Faculty of Health and Community Studies
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Browsing Faculty of Health and Community Studies by Subject "aging"
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- ItemCurrent and future needs of gerontological social work practice in Alberta: findings from the World Café at the Gerontological Symposium in Edmonton, Canada(2022) Azulai, Anna; Tong, Hongmei; Quinn, Kathaleen; Mykietka, KellyThe growing aging population in Canada has multi-faceted psycho-social needs. Social workers are well-positioned to address these needs, despite many challenges. This paper reports findings from the World Café at the Gerontology Symposium in Alberta, Canada, held in 2018. The goal was to learn from social work practitioners, researchers, and educators (N=49) about current and future needs of gerontological social work in Alberta. There were two research questions: 1) What strategies do social workers need on the micro, mezzo, and macro levels to help better serve the growing older adult population in Alberta? (R1) 2) How can social workers promote the value and contribution of gerontological social work within the interprofessional community? (R2) The data were analyzed using qualitative content analysis. Ten R1-related themes emerged: personal traits of a social worker; professional skills; bio-psycho-social needs of older adults; community connections; access to benefits; gerontological social work education; integrated healthcare; aging policy; ageism; and advocacy to strengthen the voice of older adults. The three R2-related themes include strengthening the status of the social work profession; building trust through demonstrated skills; and interprofessional education and practice.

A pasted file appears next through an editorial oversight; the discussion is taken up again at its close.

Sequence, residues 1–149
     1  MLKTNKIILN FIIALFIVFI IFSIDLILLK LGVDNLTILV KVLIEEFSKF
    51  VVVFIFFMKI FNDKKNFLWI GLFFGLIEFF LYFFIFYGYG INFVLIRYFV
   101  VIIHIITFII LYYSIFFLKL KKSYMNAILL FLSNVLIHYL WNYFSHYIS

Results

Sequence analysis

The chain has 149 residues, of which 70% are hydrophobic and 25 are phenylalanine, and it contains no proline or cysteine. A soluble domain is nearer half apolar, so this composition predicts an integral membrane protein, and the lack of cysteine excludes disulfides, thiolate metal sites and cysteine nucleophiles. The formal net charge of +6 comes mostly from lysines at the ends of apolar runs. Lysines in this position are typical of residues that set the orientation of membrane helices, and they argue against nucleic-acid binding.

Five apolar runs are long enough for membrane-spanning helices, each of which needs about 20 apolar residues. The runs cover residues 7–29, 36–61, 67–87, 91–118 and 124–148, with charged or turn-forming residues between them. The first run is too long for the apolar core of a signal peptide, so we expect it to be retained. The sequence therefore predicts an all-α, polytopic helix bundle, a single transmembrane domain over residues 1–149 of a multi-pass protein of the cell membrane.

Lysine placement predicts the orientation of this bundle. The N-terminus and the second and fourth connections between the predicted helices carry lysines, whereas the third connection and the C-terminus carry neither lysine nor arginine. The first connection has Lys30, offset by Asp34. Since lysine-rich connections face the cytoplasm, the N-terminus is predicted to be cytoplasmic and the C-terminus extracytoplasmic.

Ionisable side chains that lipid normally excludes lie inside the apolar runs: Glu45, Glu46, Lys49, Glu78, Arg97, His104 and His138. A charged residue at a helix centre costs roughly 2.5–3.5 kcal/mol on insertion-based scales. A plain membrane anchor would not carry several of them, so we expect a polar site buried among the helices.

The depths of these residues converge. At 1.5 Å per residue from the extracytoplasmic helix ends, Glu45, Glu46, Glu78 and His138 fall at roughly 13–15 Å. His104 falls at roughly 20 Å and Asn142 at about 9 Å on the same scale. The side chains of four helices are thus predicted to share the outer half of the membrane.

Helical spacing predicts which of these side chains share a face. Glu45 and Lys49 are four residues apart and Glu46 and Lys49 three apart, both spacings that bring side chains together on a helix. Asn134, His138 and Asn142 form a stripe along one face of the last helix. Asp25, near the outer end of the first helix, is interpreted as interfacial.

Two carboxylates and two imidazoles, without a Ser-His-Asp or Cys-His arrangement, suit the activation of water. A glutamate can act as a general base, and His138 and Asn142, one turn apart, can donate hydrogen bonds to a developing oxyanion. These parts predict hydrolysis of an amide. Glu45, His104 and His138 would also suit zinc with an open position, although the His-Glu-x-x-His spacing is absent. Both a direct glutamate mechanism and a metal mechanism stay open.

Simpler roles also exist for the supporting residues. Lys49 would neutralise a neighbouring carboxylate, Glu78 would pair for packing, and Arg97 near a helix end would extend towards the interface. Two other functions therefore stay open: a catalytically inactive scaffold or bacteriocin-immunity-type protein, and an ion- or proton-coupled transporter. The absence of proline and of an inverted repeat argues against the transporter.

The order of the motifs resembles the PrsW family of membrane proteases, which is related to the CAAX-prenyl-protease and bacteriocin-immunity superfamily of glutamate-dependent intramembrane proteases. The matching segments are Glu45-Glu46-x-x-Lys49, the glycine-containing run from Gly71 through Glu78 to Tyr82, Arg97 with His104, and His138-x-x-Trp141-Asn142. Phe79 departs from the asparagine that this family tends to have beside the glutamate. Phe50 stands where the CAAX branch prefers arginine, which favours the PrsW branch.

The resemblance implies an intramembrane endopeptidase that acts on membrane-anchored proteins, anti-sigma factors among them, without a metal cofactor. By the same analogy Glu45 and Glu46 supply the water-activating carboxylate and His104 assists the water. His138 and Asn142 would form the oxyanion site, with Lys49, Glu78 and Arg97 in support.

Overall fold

- ItemHow do regulated nurse professionals in Alberta assess geriatric depression in residential care facilities?(2019) Azulai, Anna; Walsh, ChristineAlthough geriatric depression is a prevalent, serious, and under-recognized mental health condition in residential care facilities, there is a dearth of related research in Canada. This exploratory mixed methods study examines the perspectives and practices of regulated nurse professionals on assessment of geriatric depression in residential care facilities in Alberta. Findings from the quantitative surveys (n = 635) and qualitative interviews (n = 14) suggest that geriatric depression is not systematically assessed in these care settings due to multiple challenges, including confusing assessment protocol, inconsistent use and contested clinical utility of current assessment methods in facilities, limited availability of mental health professionals in facilities, and the varied views of regulated nurse professionals on who is responsible for depression assessment in facilities. Implications and future research directions are discussed